Government bails out “Private” Finance Initiative


The old joke that consultants borrow your watch and then charge you if you want to be told the time has finally come true. The UK Treasury has announced it will step in to provide the finance for £8bn worth of PFI (private finance initiative) deals this year, as other sources of finance dry up (see Nick Timmins in the FT today).

This will leave the government in the ludicrous position of providing the finance to private companies who will use it to build things that they then rent back to the public sector! The whole point of PFI – that of so-called ‘risk transfer’ from the public to the private sector – will disappear in this arrangement with the Government taking all the risk and the private sector getting the rewards.

The decision highlights a fundamental ideological aspect of the New Labour government – despite all the extra effort put into the public sector, at heart New Labour ministers still believe ‘private good, public bad’. They resisted nationalisation of Northern Rock when it was blindingly obvious it had to be done. They continue to resist nationalising the other banks that are, in effect, already publicly owned. They will not intervene to restructure the finance sector into something which is more viable, secure and competitive long-term because they fear being accused of ‘state planning’. They will not intervene to secure a proper optical digital fibre network for Britain, for the same reasons.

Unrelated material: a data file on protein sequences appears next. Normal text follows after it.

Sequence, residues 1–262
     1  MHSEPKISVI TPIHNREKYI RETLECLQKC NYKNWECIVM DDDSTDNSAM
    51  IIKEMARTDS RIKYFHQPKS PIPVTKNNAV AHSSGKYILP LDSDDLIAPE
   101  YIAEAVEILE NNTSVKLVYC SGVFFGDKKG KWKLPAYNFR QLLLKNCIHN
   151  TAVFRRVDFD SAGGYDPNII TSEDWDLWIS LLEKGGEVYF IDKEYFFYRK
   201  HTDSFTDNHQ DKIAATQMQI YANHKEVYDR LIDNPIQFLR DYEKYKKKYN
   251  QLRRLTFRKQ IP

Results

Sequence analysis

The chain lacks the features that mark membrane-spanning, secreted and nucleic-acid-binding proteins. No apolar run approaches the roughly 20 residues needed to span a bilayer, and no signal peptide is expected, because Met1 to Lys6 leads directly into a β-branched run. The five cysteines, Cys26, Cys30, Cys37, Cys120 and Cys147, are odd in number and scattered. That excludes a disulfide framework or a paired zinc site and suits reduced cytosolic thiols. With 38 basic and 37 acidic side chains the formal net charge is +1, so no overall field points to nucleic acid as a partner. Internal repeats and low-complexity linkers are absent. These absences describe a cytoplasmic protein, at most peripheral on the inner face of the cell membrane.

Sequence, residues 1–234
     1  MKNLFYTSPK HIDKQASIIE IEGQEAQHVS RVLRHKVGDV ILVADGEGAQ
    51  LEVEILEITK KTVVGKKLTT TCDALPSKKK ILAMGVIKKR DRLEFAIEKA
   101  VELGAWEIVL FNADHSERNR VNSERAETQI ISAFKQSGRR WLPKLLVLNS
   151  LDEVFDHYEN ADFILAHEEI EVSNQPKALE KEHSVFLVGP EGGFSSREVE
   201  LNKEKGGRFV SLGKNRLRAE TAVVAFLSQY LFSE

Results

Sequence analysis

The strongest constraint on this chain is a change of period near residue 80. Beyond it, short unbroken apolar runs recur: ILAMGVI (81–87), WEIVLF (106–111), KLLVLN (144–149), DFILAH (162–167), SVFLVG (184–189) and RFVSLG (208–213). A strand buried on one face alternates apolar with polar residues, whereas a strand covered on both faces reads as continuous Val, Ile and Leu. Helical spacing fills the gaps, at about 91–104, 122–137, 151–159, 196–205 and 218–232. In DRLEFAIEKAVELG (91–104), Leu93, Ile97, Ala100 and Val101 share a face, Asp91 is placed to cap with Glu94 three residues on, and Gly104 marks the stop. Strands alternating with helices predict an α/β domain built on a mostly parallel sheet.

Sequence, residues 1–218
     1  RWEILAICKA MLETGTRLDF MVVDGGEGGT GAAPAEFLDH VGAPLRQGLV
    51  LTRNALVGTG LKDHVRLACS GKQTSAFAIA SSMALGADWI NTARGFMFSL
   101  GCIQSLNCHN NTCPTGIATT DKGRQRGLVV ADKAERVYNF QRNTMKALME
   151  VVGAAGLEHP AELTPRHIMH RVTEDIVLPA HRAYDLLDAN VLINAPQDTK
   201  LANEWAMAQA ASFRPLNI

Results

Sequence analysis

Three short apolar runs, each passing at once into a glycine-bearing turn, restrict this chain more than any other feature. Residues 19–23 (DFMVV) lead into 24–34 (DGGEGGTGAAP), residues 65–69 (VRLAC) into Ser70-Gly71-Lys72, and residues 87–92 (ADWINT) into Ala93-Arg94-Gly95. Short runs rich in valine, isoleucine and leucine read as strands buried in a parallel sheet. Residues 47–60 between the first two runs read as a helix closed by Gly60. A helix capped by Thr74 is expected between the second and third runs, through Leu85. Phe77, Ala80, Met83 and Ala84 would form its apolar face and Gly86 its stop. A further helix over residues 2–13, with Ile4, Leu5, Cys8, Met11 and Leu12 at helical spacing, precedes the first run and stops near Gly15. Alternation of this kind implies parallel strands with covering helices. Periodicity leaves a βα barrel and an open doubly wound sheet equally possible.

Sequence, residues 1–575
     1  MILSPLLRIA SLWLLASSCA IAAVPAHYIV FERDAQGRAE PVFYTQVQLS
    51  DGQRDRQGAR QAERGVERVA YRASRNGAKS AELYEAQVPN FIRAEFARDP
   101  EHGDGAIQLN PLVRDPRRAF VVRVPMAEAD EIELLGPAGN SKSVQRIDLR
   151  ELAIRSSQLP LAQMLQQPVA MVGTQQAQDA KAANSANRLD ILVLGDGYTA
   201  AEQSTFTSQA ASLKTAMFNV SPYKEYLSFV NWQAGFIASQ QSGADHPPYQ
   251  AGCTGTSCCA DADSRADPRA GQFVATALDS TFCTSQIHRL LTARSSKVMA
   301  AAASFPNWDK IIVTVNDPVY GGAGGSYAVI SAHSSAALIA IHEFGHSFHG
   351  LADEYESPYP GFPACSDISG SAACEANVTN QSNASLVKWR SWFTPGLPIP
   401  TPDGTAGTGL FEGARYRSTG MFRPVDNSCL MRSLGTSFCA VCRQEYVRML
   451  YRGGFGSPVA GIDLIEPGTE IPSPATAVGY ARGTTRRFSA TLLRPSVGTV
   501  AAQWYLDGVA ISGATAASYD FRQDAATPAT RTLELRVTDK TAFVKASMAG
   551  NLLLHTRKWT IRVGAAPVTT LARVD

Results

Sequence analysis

This is not – as ministers frequently claim – pragmatism. Even many capitalists and right-wing free marketers are currently calling for these sorts of policies. I was surprised by the vehemence with which Roger Bootle, probably the UK’s leading monetary economist and fellow witness to the Treasury Select Committee, argued in December that the government needed to take a much more interventionist stance to the banking crisis and not simply rely on subsidies and hand-outs.

So wedded are the government to market solutions that we now have the ludicrous spectacle of them handing over the watch, and humbly asking if they can pay to be told the time.

see also my ‘So What Would You Do’ blog

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About Colin Talbot

Professor of Government at the University of Manchester, England.
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